Ford v. Butler et al

Filing 7

IT IS HEREBY ORDERED that Plaintiff's Complaint (Doc. 1) is DISMISSED without prejudice for failure to state a claim upon which relief may be granted. This includes COUNTS 1, 2, and 3, which are DISMISSED without prejudice for failure to state a claim upon which relief may be granted, and COUNT 4, which is DISMISSED with prejudice for the same reason. Plaintiff is GRANTED leave to file his First Amended Complaint on or before January 17, 2017. Should Plaintiff fail to file his First Amended Complaint within the allotted time or consistent with the instructions set forth in this Order, the entire case will be dismissed with prejudice. (Amended Pleadings due by 1/17/2017). Signed by Judge Staci M. Yandle on 12/19/2016. (tjk)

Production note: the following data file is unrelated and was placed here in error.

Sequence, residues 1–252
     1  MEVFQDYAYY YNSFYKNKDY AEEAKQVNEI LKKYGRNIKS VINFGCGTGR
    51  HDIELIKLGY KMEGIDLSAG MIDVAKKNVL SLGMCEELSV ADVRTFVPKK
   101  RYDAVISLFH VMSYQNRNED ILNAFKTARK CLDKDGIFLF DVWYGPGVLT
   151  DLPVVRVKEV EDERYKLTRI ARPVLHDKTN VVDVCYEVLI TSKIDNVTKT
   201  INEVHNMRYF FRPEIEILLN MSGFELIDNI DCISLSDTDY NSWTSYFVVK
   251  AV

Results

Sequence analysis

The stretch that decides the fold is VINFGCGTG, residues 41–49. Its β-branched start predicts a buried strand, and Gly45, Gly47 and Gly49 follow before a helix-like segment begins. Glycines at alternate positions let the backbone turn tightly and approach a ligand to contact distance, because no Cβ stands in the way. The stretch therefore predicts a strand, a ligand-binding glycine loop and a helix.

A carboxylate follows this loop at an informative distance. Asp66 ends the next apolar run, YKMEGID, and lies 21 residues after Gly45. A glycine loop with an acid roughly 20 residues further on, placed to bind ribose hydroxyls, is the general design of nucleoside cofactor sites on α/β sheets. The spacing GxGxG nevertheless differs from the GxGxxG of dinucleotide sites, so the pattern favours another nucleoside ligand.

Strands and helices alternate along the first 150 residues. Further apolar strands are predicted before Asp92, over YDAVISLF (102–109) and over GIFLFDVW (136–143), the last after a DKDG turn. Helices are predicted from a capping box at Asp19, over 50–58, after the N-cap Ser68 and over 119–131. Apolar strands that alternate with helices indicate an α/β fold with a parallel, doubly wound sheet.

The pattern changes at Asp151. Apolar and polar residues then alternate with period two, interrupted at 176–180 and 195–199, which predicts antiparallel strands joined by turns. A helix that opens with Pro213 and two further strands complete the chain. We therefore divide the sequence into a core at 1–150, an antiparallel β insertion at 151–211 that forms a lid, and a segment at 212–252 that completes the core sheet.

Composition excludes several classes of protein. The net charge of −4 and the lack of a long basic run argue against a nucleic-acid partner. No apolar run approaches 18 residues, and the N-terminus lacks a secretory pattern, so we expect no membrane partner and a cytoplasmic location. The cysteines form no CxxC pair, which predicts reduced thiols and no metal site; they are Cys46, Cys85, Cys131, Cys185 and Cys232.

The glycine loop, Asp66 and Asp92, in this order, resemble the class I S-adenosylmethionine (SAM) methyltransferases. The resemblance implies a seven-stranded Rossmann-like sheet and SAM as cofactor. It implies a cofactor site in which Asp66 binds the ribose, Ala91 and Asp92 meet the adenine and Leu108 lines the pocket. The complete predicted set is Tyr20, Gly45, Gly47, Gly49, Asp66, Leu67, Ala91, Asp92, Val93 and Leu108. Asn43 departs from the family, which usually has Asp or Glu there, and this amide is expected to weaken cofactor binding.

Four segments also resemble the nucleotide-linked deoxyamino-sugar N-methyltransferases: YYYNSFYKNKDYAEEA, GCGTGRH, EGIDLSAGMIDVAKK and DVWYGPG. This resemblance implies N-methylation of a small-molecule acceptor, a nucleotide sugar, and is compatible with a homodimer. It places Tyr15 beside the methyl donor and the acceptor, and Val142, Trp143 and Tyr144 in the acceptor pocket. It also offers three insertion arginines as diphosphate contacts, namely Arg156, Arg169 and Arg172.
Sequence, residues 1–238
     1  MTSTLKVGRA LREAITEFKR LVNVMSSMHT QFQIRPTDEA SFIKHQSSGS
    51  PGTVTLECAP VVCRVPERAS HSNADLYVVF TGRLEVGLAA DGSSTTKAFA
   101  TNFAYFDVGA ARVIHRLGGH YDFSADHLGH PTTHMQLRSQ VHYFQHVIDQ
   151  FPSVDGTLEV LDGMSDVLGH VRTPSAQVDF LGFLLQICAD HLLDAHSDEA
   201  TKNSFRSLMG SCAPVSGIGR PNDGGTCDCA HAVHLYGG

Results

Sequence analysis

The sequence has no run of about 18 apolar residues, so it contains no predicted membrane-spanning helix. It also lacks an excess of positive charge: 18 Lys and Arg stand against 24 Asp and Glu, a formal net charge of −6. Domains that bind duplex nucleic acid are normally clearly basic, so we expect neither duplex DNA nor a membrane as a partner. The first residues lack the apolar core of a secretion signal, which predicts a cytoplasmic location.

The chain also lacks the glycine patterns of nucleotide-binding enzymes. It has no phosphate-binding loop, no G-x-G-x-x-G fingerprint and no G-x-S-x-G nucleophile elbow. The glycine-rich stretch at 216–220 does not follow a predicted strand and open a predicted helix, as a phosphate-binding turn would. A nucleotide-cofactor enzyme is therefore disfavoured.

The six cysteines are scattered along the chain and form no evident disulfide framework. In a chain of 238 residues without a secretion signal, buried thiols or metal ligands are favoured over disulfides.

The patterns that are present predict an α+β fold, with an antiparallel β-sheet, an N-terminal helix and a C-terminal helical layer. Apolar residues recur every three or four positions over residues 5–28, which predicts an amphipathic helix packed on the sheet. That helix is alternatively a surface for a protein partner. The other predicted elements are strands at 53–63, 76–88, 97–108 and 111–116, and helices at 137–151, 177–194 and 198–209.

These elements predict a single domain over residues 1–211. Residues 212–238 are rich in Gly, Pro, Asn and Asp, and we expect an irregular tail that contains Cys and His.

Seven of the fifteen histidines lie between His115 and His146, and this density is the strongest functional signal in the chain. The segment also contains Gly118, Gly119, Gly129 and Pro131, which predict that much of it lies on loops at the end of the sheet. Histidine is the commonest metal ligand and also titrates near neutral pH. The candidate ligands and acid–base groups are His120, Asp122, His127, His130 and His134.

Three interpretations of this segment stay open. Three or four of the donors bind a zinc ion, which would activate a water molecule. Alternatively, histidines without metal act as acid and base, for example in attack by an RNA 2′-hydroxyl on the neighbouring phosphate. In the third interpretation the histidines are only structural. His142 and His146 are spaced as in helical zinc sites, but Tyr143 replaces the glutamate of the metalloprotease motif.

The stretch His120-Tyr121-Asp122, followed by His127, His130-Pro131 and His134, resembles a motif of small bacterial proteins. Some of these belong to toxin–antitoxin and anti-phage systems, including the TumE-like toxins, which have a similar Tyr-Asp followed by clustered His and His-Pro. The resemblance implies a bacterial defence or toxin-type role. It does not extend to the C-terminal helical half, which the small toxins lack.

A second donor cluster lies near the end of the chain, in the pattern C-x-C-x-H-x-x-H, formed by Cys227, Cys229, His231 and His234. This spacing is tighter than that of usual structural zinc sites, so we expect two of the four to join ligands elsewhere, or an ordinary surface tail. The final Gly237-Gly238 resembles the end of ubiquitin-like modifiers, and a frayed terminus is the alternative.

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IN THE UNITED STATES DISTRICT COURT FOR THE SOUTHERN DISTRICT OF ILLINOIS ANTOINE FORD, #R-49546, Plaintiff, vs. KIMBERLY BUTLER, KENT E. BROOKMAN, and TRACEY LEE, Defendants. ) ) ) ) ) ) ) ) ) ) ) Case No. 16-cv-01092-SMY MEMORANDUM AND ORDER YANDLE, District Judge: Plaintiff Antoine Ford, an inmate at Menard Correctional Center (“Menard”), brings this civil rights action pursuant to 42 U.S.C. § 1983 against Menard’s warden (Kimberly Butler) and two members of Menard’s Adjustment Committee (Kent Brookman and Tracey Lee). According to the Complaint, Plaintiff was denied credit for time he spent in investigative segregation when he was punished with 30 days of disciplinary segregation for trafficking and trading. (Doc. 1, p. 5). As a result, he remained in segregation for a total of 50 days instead of 30. (Id. at pp. 5, 7). On August 2, 2015, Plaintiff was allegedly placed in investigative segregation at Stateville Correctional Center. (Id. at 5). He maintained this status following his transfer to Menard on August 4, 2015. (Id.). Plaintiff attended a hearing before Menard’s Adjustment Committee on August 29, 2015. (Id.). The committee found him guilty of trafficking and trading but dismissed a charge for impeding an investigation. (Id.). He was punished with 30 days in disciplinary segregation and demotion to C-grade status. (Id.). Plaintiff asked the Adjustment Committee members whether he would receive credit for the time he had already spent in segregation. (Id.). Chairman Brookman told Plaintiff that he 1 would. (Id.). Co-Chair Lee disagreed and said that Plaintiff’s 30-day term of punishment did not begin to run until he was served with the disciplinary ticket on August 28, 2015. (Id.). Had he received credit for his time spent in investigative segregation, Plaintiff asserts that he would have been released from segregation on September 2, 2015. (Id.). Instead, he was released on September 21, 2015. (Id.). He now claims that the Adjustment Committee’s failure to credit him for time spent in investigative segregation amounted to a deprivation of a protected liberty interest without due process of law in violation of the Fourteenth Amendment, cruel and unusual punishment in violation of the Eighth Amendment and a denial of equal protection of the law in violation of the Fourteenth Amendment. (Id.) He seeks monetary damages against the defendants, as well as a prison transfer to avoid any retaliation that might result from filing this action. (Id. at 6). Merits Review Pursuant to 28 U.S.C. § 1915A This case is now before the Court for preliminary review of the Complaint pursuant to 28 U.S.C. § 1915A. Under § 1915A, the Court is required to promptly screen prisoner complaints to filter out nonmeritorious claims. 28 U.S.C. § 1915A(a). The Court is required to dismiss any portion of the Complaint that is legally frivolous, malicious, fails to state a claim upon which relief may be granted or asks for money damages from a defendant who by law is immune from such relief. 28 U.S.C. § 1915A(b). An action or claim is frivolous if “it lacks an arguable basis either in law or in fact.” Neitzke v. Williams, 490 U.S. 319, 325 (1989). An action fails to state a claim upon which relief can be granted if it does not plead “enough facts to state a claim to relief that is plausible on its face.” Bell Atlantic Corp. v. Twombly, 550 U.S. 544, 570 (2007). The claim of entitlement to relief must cross “the line between possibility and plausibility.” 2 Id. at 557. Conversely, a complaint is plausible on its face “when the plaintiff pleads factual content that allows the court to draw the reasonable inference that the defendant is liable for the misconduct alleged.” Ashcroft v. Iqbal, 556 U.S. 662, 678 (2009). Although the Court is obligated to accept factual allegations as true, see Smith v. Peters, 631 F.3d 418, 419 (7th Cir. 2011), some factual allegations may be so sketchy or implausible that they fail to provide sufficient notice of a plaintiff’s claim. Brooks v. Ross, 578 F.3d 574, 581 (7th Cir. 2009). Additionally, Courts “should not accept as adequate abstract recitations of the elements of a cause of action or conclusory legal statements.” Id. At the same time, however, the factual allegations of a pro se complaint are to be liberally construed. See Rodriguez v. Plymouth Ambulance Serv., 577 F.3d 816, 821 (7th Cir. 2009). After carefully considering the allegations, the Court finds that the Complaint fails to state a claim upon which relief may be granted and does not survive screening under § 1915A. Accordingly, the Complaint shall be dismissed. However, Plaintiff will be granted leave to replead his claims by filing a First Amended Complaint consistent with the deadline and instructions set forth in the below disposition. Discussion To facilitate the orderly management of future proceedings in this case, and in accordance with the objectives of Federal Rules of Civil Procedure 8(e) and 10(b), the Court has organized the claims in Plaintiff’s pro se Complaint into the following enumerated counts: Count 1: Fourteenth Amendment claim against the defendants for depriving Plaintiff of a protected liberty interest without due process of law by failing to credit him for time he spent in investigative segregation when executing a 30-day term of disciplinary segregation in August and September 2015. 3 Count 2: Eighth Amendment claim against the defendants for subjecting Plaintiff to unconstitutional conditions of confinement in segregation in August and September 2015. Count 3: Fourteenth Amendment equal protection claim against the defendants for the conduct described in the Complaint. Count 4 Claim against the defendants under the Federal Tort Claims Act (“FTCA”), 28 U.S.C. §§ 1346, 2671-2680, based on the conduct described in the Complaint. (Doc. 1, p. 5). The parties and the Court will continue using these designations in all future pleadings and orders, unless otherwise directed by a judicial officer of this Court. The designation of these claims does not constitute an opinion regarding their merits. Count 1 To establish a due process violation based on a prisoner’s prolonged detention in segregation, the prisoner must allege that the defendants deprived him of life, liberty or property without due process of law. However, the Seventh Circuit has long held that “[a] prisoner has no liberty interest in remaining in the general prison population. In fact, absent a constitutional, statutory or regulatory bar, ‘a prisoner may be transferred for any reason or for no reason at all.’” Williams v. Ramos, 71 F.3d 1246, 1248 (7th Cir. 1995) (citations omitted) (quoting Williams v. Faulkner, 837 F.2d 304, 309 (7th Cir. 1988)). Likewise, a prisoner has no protected interest in being classified at a certain grade. Thomas v. Ramos, 130 F.3d 754, 762 n. 8 (7th Cir. 1997). Under limited circumstances, a liberty interest may arise when prison officials restrain the freedom of an inmate in a manner that “imposes atypical and significant hardship on the inmate in relation to the ordinary incidents of prison life.” Sandin v. Conner, 515 U.S. 472, 484 (1995). Courts consider two factors when making this determination: “the combined import of the duration of the segregative confinement and the conditions endured.” 4 Hardaway v. Meyerhoff, 734 F.3d 740, 743 (7th Cir. 2013) (citing Marion v. Columbia Corr. Inst., 559 F.3d 693, 697-98) (7th Cir. 2009) (emphasis in original)). The duration of Plaintiff’s confinement in segregation was short. Plaintiff’s total confinement in investigative and disciplinary segregation was 50 days. Plaintiff does not dispute the 30 days he spent in disciplinary segregation or the findings of the Adjustment Committee that resulted in this punishment. Instead, he complains about 20 extra days that he spent in segregation because he was denied credit for time spent in investigative segregation. The Seventh Circuit has explained that “inmates have no liberty interest in avoiding transfer to discretionary segregation—that is, segregation imposed for administrative, protective, or investigative purposes.” See Townsend v. Fuchs 522 F.3d 765, 771 (7th Cir. 2008). In Townsend, the Court held that a 59-day period in temporary lockup gave rise to no protected liberty interest. Id. at 766. The Seventh Circuit previously found that 2 months spent in segregation gave rise to no protected liberty interest. See Hoskins v. Lenear, 395 F.3d 372, 37475 (7th Cir. 2005). In fact, the duration of segregative confinement was so short that the Court dismissed the Fourteenth Amendment claims without reaching the second part of the analysis, i.e., an inquiry into the conditions of confinement. See also Holly v. Woolfolk, 415 F.3d 678, 679 (7th Cir. 2005) (2 days in solitary confinement). In other words, the Court ruled out the existence of a protected liberty interest based on the duration of segregative confinement alone. In this case, Plaintiff likewise offers no allegations suggesting that he suffered an atypical or significant hardship in segregation in August and September 2015. His only complaint is about the additional period of confinement in segregation that resulted when the Adjustment Committee denied him credit for the time he spent in investigative segregation prior to the Adjustment Committee’s final determination. (Doc. 1, p. 5). Given the short duration of 5 segregative confinement and the lack of allegations describing the conditions, it appears that no liberty interest was at stake. No right to due process of law arises in this context, and Plaintiff complains of no actual due process violations. Accordingly, Count 1 does not survive preliminary review and shall be dismissed without prejudice. Count 2 In order to state an Eighth Amendment claim for unconstitutional conditions of confinement, Plaintiff must meet two requirements. First, he must demonstrate that the conditions he endured were “sufficiently serious” to constitute cruel and unusual punishment (an objective standard). Conditions violate the Eighth Amendment when they result in an “unquestioned and serious deprivation [ ] of basic human needs” or deprive the prison of “the minimal civilized measure of life’s necessities.” McNeil v. Lane, 16 F.3d 123, 125 (7th Cir. 1993) (citations omitted). This first element is satisfied when the plaintiff shows that he was “incarcerated under conditions posing a substantial risk of serious harm” to his health or safety. Haywood v Hathaway, -- F.3d --, No. 12-1678, 2016 WL 6988750 (7th Cir. Nov. 29, 2016) (citing Sanville v. McCaughtry, 266 F.3d 724, 733 (7th Cir. 2001)). Here, Plaintiff offers no allegations describing the conditions he endured in segregation. As such, the Complaint fails to satisfy the first element of this claim. Second, Plaintiff must show that the defendants responded with deliberate indifference to the inmate’s health or safety (a subjective standard). Farmer v. Brennan, 511 U.S. 825 (1994). This occurs when a defendant knows of and disregards a substantial risk of serious harm to the inmate from those conditions. Id. Plaintiff offers no allegations suggesting that the defendants knew of any unconstitutional conditions of confinement and failed to take action to address them. He merely asserts that his Eighth Amendment rights were violated by his placement in 6 segregation beyond the 30-day period of punishment imposed for trafficking and trading. This allegation, standing alone, cannot support a finding that the defendants exhibited deliberate indifference toward Plaintiff’s health or safety. Accordingly, Count 2 shall be dismissed without prejudice. Count 3 The Fourteenth Amendment Equal Protection Clause “guards against government discrimination on the basis of race and other immutable characteristics.” Brunson v. Murray, -F.3d --, No. 14-2877, 2016 WL 7210119 (7th Cir. Dec. 13, 2016). However, it also protects individuals from “class-of-one” discrimination, which occurs when the government “arbitrarily and irrationally singles out one person for poor treatment.” Id. (citing Geinosky v. City of Chicago, 675 F.3d 743, 747 (7th Cir. 2012)). Plaintiff’s equal protection claim fails under both standards. In the Complaint, Plaintiff states that his “14th Amendment of Equal Opertunity (sic) of the Law was violated.” (Doc. 1, p. 5). However, he offers no allegations indicating how or why he feels that his right to equal protection was violated by the defendants’ conduct. He does not allege or suggest that he was treated differently than other inmates because of his race or another immutable characteristic. He does not allege any sort of disparate treatment at all. Plaintiff also does not assert that he was singled out for arbitrary mistreatment. The allegations simply do not suggest that the Adjustment Committee handled his case and the execution of his punishment differently than any other case. Plaintiff relies entirely on a conclusory assertion that his rights were violated under the Equal Protection Clause. Without additional factual allegations offered in support of this claim, the Court cannot discern a basis for it, and the defendants cannot be expected to defend against it. See Tamayo v. Blagojevich, 526 F.3d 1074, 1084 (7th Cir. 2008) 7 (conclusory allegations are sufficient only where they are plausible and give sufficient notice to defendants). Therefore, Count 3 shall also be dismissed without prejudice. Count 4 In addition to bringing this action pursuant to § 1983, Plaintiff indicated that he is bringing a claim pursuant to the Federal Tort Claims Act (“FTCA”), 28 U.S.C. §§ 1346, 26712680. Beyond checking the box for an FTCA claim on the first page of the Complaint, no allegations refer to the FTCA. The FTCA provides jurisdiction for suits against the United States regarding torts committed by federal officials, not state officials. All of the defendants in this action are state officials. Accordingly, Count 4 shall be dismissed with prejudice against them. Based on the foregoing discussion, the Complaint is subject to dismissal. However, the dismissal shall be without prejudice, and Plaintiff will be granted leave to file a “First Amended Complaint,” if he wishes to pursue his claims against defendants. Plaintiff is INSTRUCTED to file a proper § 1983 Complaint with this Court according the deadline and instructions set forth in the below disposition. Failure to follow the Court’s instructions will result in dismissal of Plaintiff’s action for failure to comply with an Order of this Court and/or for failure to prosecute his claims. See FED. R. CIV. P. 41(b). Warden Butler: Injunctive Relief Although Warden Butler is named as a defendant in this action, Plaintiff includes no allegations against the warden in his statement of claim. Merely invoking the name of a potential defendant is not sufficient to state a claim against that individual. See Collins v. Kibort, 143 F.3d 331, 334 (7th Cir. 1998) (“A plaintiff cannot state a claim against a defendant by including the defendant’s name in the caption.”). 8 Plaintiff does seek injunctive relief, in the form of a prison transfer. Although the warden is properly named in his or her official capacity for purposes of carrying out any injunctive relief that is ordered, the Court deems no such relief warranted in this case. See Gonzalez v. Feinerman, 663 F.3d 311, 315 (7th Cir. 2011) (warden is the proper defendant in case requesting injunctive relief as person “responsible for ensuring that any injunctive relief is carried out.”). The only reason that Plaintiff seeks a prison transfer is to avoid possible retaliation by the defendants for filing this action. Plaintiff brings no claim of retaliation against the defendants. The Complaint includes no allegation suggesting that retaliation has occurred or is now occurring. Under the circumstances, no injunctive relief is warranted. As such, Plaintiff’s request for this relief is based on pure speculation and is DENIED. However, the warden shall be dismissed without prejudice to Plaintiff naming this defendant in the First Amended Complaint, in the event the warden was involved in a constitutional violation or a request for preliminary injunctive relief becomes necessary under Rule 65 of the Federal Rules of Civil Procedure. Pending Motion Plaintiff’s Motion for Recruitment of Counsel (Doc. 3) is DENIED. There is no constitutional or statutory right to counsel in federal civil cases. Romanelli v. Suliene, 615 F.3d 847, 851 (7th Cir. 2010); see also Johnson v. Doughty, 433 F.3d 1001, 1006 (7th Cir. 2006). However, the district court has discretion under 28 U.S.C. § 1915(e)(1) to recruit counsel for an indigent litigant. Ray v. Wexford Health Sources, Inc., 706 F.3d 864, 866–67 (7th Cir. 2013). When a pro se litigant submits a request for assistance of counsel, the Court must first consider whether the indigent plaintiff has made reasonable attempts to secure counsel on his own. Navejar v. Iyiola, 718 F.3d 692, 696 (7th Cir. 2013) (citing Pruitt v. Mote, 503 F.3d 647, 654 9 (7th Cir. 2007)). If so, the Court must examine “whether the difficulty of the case—factually and legally—exceeds the particular plaintiff’s capacity as a layperson to coherently present it.” Navejar, 718 F.3d at 696 (quoting Pruitt, 503 F.3d at 655). “The question . . . is whether the plaintiff appears competent to litigate his own claims, given their degree of difficulty, and this includes the tasks that normally attend litigation: evidence gathering, preparing and responding to motions and other court filings, and trial.” Pruitt, 503 F.3d at 655. The Court also considers such factors as the plaintiff’s “literacy, communication skills, education level, and litigation experience.” Id. Plaintiff has demonstrated that his efforts to secure representation have failed. (Doc. 3, p. 1). He explains that he has some college education, and English is his primary language. He also indicates that he takes an antidepressant medication. In addition, he is still housed at Menard, where the events at issue occurred. Despite the fact that the Complaint is being dismissed, Plaintiff has demonstrated his ability to prepare a coherent pleading that focuses on the issues in this case. The legal principles at issue are addressed in this Order and are of the sort regularly litigated by pro se inmates. The lack of a law degree and the antidepressant medications do not appear to be impediments to Plaintiff’s ability to competently litigate this matter. Accordingly, the Motion is denied without prejudice. The Court will remain open to the appointment of counsel in the future. Disposition IT IS HEREBY ORDERED that Plaintiff’s Complaint (Doc. 1) is DISMISSED without prejudice for failure to state a claim upon which relief may be granted. This includes COUNTS 1, 2, and 3, which are DISMISSED without prejudice for failure to state a claim 10 upon which relief may be granted, and COUNT 4, which is DISMISSED with prejudice for the same reason Plaintiff is GRANTED leave to file his “First Amended Complaint” on or before January 17, 2017. Should Plaintiff fail to file his First Amended Complaint within the allotted time or consistent with the instructions set forth in this Order, the entire case will be dismissed with prejudice. FED. R. APP. P. 41(b). See generally Ladien v. Astrachan, 128 F.3d 1051 (7th Cir. 1997); Johnson v. Kamminga, 34 F.3d 466 (7th Cir. 1994); 28 U.S.C. § 1915A. Further, a “strike” will be assessed against Plaintiff. Id. Should Plaintiff decide to file a First Amended Complaint, it is strongly recommended that he use the forms designed for use in this District for such actions. He should label the form, “First Amended Complaint,” and he should use the case number for this action, i.e., No. 16-cv01092-SMY. The First Amended Complaint shall present each claim in a separate count, and each count shall specify, by name, each defendant alleged to be liable under the count, as well as the actions alleged to have been taken by that defendant. Plaintiff should attempt to include the facts of his case in chronological order, inserting each defendant’s name where necessary to identify the actor. Plaintiff should refrain from filing unnecessary exhibits. Plaintiff should include only related claims in his First Amended Complaint. Claims found to be unrelated will be severed into new cases, new case numbers will be assigned, and additional filing fees will be assessed. To enable Plaintiff to comply with this Order, the Clerk is DIRECTED to mail Plaintiff a blank civil rights complaint form. An amended complaint supersedes and replaces the original complaint, rendering the original complaint void. See Flannery v. Recording Indus. Ass’n of Am., 354 F.3d 632, 638 n. 1 (7th Cir. 2004). The Court will not accept piecemeal amendments to the original complaint. 11 Thus, the First Amended Complaint must stand on its own, without reference to any previous pleading, and Plaintiff must re-file any exhibits he wishes the Court to consider along with the First Amended Complaint. The First Amended Complaint is subject to review pursuant to 28 U.S.C. § 1915A. Plaintiff is further ADVISED that his obligation to pay the filing fee for this action was incurred at the time the action was filed, thus the filing fee of $350.00 remains due and payable, regardless of whether Plaintiff elects to file an amended complaint. See 28 U.S.C. § 1915(b)(1); Lucien v. Jockisch, 133 F.3d 464, 467 (7th Cir. 1998). Finally, Plaintiff is ADVISED that he is under a continuing obligation to keep the Clerk of Court and each opposing party informed of any change in his address; the Court will not independently investigate his whereabouts. This shall be done in writing and not later than 7 days after a transfer or other change in address occurs. Failure to comply with this order will cause a delay in the transmission of court documents and may result in dismissal of this action for want of prosecution. See FED. R. APP. P. 41(b). IT IS SO ORDERED. DATED: December 19, 2016 s/ STACI M. YANDLE STACI M. YANDLE United States District Judge 12